Gardens

Stroll down our garden paths and step back into a bygone era.

Encompassing more than 16 acres of gardens and landscapes, the Palace gardens were designed by noted landscape architect Morley Jeffers Williams in the 1950s and represent the formal garden style of 18th-century Britain.

This fall, the formal parterres of the Maude Moore Latham Garden and the Gertrude Carraway Garden will each have elaborate displays of mums. Our spring display includes daffodils, tulips and many other spring flowers. The Kellenberger Garden reflects the Colonial era with an arrangement of marigolds and celosia, which were popular in the 18th century, and cool-season vegetables will be ready for winter in the Kitchen Garden.

Also included in our site are gardens surrounding three historic houses – one with a formal lawn and camellia collection, town garden and swept yard/working garden. Three additional gardens reveal the splendor of Victoria era. The Etteinne Mitchell Riverside Garden includes a diversity of native plants, which are both beautiful and play an important role in the ecosystem. The plants selected survive both periods of flooding and of dry soil, and provide food and shelter for numerous animals.

What were the Palace Gardens really like?

We can only make intelligent guesses about what kind of gardens there might have been surrounding the 18th-century Palace. Governor Tryon seems to have had little interest in horticulture. Two maps of New Bern drawn in 1769, when the Palace was still under construction, reveal two different garden plans.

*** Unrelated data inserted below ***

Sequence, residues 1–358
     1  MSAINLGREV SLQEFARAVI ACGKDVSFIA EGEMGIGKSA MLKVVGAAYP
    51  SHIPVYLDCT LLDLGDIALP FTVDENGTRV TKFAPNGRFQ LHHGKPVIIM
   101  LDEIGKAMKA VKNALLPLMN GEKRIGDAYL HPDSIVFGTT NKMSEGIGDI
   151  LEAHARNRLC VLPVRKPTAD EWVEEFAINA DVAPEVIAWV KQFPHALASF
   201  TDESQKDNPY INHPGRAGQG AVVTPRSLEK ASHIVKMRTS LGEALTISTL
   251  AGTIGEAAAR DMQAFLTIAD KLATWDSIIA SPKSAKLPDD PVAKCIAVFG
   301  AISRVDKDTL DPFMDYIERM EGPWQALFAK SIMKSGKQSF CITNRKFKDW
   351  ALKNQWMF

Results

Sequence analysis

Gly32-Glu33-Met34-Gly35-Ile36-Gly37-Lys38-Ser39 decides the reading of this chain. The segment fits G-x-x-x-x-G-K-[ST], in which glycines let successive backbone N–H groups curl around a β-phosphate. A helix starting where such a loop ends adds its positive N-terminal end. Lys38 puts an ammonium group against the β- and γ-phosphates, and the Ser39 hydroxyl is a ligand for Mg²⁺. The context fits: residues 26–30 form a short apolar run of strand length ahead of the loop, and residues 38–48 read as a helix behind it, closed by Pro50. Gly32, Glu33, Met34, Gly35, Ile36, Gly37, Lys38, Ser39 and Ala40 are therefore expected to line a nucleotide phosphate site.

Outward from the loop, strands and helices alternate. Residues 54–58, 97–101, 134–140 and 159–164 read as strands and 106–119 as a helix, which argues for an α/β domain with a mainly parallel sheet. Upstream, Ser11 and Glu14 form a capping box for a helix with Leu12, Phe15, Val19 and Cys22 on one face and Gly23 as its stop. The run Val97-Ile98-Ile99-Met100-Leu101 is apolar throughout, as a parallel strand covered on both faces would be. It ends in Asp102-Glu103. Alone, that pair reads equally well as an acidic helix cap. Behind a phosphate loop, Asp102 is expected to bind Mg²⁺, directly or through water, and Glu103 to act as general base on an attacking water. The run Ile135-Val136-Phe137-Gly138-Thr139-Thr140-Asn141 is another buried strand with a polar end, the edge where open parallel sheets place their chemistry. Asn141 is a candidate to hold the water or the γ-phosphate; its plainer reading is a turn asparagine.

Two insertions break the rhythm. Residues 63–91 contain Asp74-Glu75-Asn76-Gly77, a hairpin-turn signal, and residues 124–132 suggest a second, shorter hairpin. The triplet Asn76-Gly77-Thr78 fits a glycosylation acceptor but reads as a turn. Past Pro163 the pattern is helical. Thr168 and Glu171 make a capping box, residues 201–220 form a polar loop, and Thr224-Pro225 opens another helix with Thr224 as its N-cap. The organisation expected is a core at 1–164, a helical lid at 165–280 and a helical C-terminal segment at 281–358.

More than two centuries later, in 1991, Palace researchers discovered yet another plan. In the collections of the Academia Nacional de la Historia in Venezuela they found a garden plan that came from Palace architect, John Hawks. Hawks gave the plan to Venezuelan traveler Francisco de Miranda, who admired the Palace greatly during his 1783 visit to New Bern. The Miranda plan suggests a strong French influence instead of the more-to-be-expected English garden style. But who created the plan? Some attribute it to Claude Sauthier, a French cartographer well-versed in period garden design, who created a town map of New Bern in 1769 for Governor Tryon. But, when compared to plans of the Palace and other documents he created for Tryon, the handwriting in the Miranda plan is clearly that of John Hawks. The Miranda plan, furthermore, contrasts with Sauthier’s more rectilinear design, showing instead that the garden’s plan was for a path and open lawn from Pollock Street to the Palace courtyard, with more formal parterres in the French fashion extending behind the Palace to the Trent River.

None of the historic garden plans have ever been implemented at the Palace. Morley Williams designed the current gardens at the time of the Palace restoration. Before undertaking the Palace project, Williams had served on the faculties of Harvard and North Carolina State Universities and assisted in the restoration of the gardens at Mount Vernon and Stratford Hall. His designs are in the Colonial Revival style that was widely employed in the mid-20th century.